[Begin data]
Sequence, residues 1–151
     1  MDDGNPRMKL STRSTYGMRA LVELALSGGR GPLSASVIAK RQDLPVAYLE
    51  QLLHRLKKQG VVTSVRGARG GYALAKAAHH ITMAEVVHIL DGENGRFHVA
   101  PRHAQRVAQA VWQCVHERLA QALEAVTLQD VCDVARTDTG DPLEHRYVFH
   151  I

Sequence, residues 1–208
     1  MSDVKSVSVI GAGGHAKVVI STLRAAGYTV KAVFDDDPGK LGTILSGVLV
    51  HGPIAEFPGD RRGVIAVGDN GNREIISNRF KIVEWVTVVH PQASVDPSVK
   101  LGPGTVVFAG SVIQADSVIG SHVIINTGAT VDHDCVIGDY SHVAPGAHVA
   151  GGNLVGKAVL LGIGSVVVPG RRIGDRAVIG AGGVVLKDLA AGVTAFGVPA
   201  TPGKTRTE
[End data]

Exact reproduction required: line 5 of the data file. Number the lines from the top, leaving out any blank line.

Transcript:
   151  I